11/25/2010, 00.00
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Erdogan in Beirut, a mediator on a Neo-Ottoman quest

Local politicians and public opinion praise the Turkish prime minister, who stressed historic ties between the two countries and his desire to do “everything” to preserve Lebanon’s unity and peace. For Erdogan, Beirut is an important step to reassert Turkey’s role in the region.

Beirut (AsiaNews) – Turkish Prime Minister Recep Tayyip Erodgan, on the second day of his visit to Lebanon, was showered with praise from local government and opposition political leaders alike. In their coverage, Lebanese papers focused on the statements he made on the eve of his visit, in which he paid tribute to the historic friendship between Turks and Lebanese, and said that Turkey would do everything in its power to prevent civil war in Lebanon. Ordinary people liked what he says, except for the country’s 150,000 Armenians who staged a demonstration under tight control, demanding the Turks acknowledge the genocide they inflicted on their people.

Armenians aside, even the widespread praise for the Turkish leader must be nuanced. For Lebanon’s chief Sunni leader, Mufti Mohammad Rachid Kabbani, the visit “offers hope, favours security in the country and boosts national harmony”.

For Simon Haddad, political analyst at the American University in Beirut, Erdoğan’s trip was a show of “support for al-Hariri and his politics”; more importantly, “Turkey can pressure Syria and Iran in order to tone down the Hezbollah rhetoric”.

By contrast, lawmaker Talal Arslan (a member of the 8 March movement), the visit by the Turkish leader “completes the one recently made by Iranian President Ahmadinejad.” The two “are a message to Israel, strengthen the Turkish, Syrian and Iranian triangle” and will bring changes to the region.

Erdogan’s trip is part of Turkey’s broader Neo-Ottoman approach to the region, intended to give Ankara a greater role to play in the Middle East and the Islamic world, whilst not steering too far away from the West.

Rapprochement with Iran and Syria and cooler ties with Israel are part of this strategy. Erdogan himself said that he spoke with the Syrian president before his trip to Beirut, and that he would contact him again once it is over.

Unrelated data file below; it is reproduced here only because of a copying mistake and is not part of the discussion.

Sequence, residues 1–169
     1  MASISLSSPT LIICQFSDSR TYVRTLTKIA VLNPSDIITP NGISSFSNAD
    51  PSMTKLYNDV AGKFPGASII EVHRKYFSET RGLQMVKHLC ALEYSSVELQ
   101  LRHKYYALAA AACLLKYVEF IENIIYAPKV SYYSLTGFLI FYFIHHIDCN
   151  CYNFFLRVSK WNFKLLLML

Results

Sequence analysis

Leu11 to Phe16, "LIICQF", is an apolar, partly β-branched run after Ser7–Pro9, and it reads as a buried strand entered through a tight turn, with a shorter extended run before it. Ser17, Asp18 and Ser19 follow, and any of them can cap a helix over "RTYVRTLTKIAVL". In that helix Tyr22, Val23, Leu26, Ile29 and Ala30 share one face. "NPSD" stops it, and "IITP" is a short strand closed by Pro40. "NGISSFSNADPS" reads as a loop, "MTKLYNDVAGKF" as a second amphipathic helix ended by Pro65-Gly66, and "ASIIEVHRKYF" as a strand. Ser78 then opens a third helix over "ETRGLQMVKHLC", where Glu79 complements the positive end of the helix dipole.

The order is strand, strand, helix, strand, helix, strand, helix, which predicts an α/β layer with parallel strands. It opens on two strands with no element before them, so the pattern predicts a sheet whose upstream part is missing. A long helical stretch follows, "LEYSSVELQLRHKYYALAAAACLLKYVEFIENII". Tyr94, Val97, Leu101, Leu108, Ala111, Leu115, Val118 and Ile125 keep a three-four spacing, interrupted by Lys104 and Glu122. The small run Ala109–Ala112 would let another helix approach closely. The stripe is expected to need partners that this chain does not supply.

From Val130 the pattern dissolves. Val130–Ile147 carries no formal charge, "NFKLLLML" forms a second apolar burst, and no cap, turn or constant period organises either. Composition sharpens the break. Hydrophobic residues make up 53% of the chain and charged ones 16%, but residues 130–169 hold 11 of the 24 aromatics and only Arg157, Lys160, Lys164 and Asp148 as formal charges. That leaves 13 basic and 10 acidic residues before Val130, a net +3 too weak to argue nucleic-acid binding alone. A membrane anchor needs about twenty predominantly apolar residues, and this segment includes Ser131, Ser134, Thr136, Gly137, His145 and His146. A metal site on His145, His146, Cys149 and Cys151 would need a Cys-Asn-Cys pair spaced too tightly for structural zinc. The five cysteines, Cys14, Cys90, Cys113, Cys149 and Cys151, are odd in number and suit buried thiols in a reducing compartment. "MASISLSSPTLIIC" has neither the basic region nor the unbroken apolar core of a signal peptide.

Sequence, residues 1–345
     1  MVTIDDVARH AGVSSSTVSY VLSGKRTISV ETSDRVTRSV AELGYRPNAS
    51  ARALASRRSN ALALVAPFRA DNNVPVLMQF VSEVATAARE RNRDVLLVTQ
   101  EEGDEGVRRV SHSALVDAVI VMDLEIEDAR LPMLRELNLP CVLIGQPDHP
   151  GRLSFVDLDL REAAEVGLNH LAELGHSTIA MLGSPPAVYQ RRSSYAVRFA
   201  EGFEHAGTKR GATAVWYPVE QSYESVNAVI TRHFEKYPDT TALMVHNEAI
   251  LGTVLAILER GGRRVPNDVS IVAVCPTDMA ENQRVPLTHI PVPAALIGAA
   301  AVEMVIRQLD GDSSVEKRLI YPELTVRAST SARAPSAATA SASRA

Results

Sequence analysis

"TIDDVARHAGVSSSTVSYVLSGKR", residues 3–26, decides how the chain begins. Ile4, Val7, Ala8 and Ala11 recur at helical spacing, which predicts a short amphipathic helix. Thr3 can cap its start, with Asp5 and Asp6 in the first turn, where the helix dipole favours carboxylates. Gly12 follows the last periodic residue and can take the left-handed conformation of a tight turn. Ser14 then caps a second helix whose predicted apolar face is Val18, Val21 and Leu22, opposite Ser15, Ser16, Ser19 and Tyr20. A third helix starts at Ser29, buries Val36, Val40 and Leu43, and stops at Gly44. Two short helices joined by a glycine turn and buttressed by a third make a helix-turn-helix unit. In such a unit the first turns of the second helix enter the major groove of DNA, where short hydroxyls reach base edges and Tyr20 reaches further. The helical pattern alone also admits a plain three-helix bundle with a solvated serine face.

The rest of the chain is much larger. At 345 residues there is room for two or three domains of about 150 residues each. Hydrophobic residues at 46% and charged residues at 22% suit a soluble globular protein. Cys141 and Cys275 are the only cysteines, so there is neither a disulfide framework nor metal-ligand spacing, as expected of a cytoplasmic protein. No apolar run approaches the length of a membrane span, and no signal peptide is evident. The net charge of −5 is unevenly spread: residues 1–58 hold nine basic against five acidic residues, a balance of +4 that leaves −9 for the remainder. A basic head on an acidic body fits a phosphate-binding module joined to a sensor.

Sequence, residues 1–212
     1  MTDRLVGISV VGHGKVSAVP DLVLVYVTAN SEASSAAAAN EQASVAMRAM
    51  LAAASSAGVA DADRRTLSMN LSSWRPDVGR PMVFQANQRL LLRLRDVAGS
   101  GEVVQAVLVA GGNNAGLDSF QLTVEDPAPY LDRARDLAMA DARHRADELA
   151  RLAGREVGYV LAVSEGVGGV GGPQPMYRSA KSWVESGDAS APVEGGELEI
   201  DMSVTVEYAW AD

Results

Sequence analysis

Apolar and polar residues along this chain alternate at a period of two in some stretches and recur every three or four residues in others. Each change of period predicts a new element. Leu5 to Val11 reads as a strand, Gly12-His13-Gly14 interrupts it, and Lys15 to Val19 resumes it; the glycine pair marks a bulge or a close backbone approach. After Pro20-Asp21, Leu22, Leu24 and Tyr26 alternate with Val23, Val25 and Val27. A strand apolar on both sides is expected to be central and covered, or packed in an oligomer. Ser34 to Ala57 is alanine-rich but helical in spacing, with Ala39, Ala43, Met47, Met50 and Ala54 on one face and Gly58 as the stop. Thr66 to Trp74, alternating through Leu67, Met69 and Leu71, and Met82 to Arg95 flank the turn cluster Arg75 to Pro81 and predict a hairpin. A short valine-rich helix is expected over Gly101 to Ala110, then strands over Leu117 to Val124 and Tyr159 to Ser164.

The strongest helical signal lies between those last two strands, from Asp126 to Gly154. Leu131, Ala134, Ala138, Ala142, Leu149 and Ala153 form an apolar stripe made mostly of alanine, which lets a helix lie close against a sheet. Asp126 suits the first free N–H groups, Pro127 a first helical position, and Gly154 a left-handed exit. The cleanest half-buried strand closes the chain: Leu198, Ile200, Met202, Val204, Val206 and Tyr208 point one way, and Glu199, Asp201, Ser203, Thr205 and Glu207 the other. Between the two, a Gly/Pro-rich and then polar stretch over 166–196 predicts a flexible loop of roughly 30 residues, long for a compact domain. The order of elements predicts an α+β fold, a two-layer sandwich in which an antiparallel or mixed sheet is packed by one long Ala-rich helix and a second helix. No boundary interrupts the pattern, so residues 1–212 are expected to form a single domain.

Lebanese Prime Minister Saad Hariri said today that Turkey has become a regional power with global weight in various fields.

In view of this, the Turkish leader met all major Lebanese political leaders, beginning with (Christian) President Michel Suleiman, (Sunni) Prime Minister Saad Hariri and (Shia) Parliamentary Speaker Nebih Berri.

Erdogan also addressed Lebanon’s dominant political issue, namely possible indictments in connection with the Rafik Hariri murder by the United Nations-backed Special Tribunal for Lebanon. A recent well-publicised report by the Canadian Broadcasting Corporation suggested that important Hizbollah officials are likely to be indicted.

The self-styled Party of God has reacted vehemently to the rumours, calling for a boycott of the tribunal, even threatening to cut off the fingers of anyone who dared touch one of its members. It also threatened to quit the national unity government.

The matter is viewed with great concern in Israel, where a cabinet meeting is said to have discussed the possibility of a Hizbollah coup or an attempt by the Shia party to cause a conflict to divert attention from the indictments.

For his part, Erdogan stressed the importance of stabilising the Lebanese situation, but also reiterated that the UN-backed tribunal was established under UN Security Council resolutions and "nobody can change that”. (PD)

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Tensions running high in Beirut as Hariri indictments approach
Tensions rise in Lebanon over possible Hizbollah involvement in Hariri assassination
Hariri assassination: arrest warrants for four members of Hizbollah
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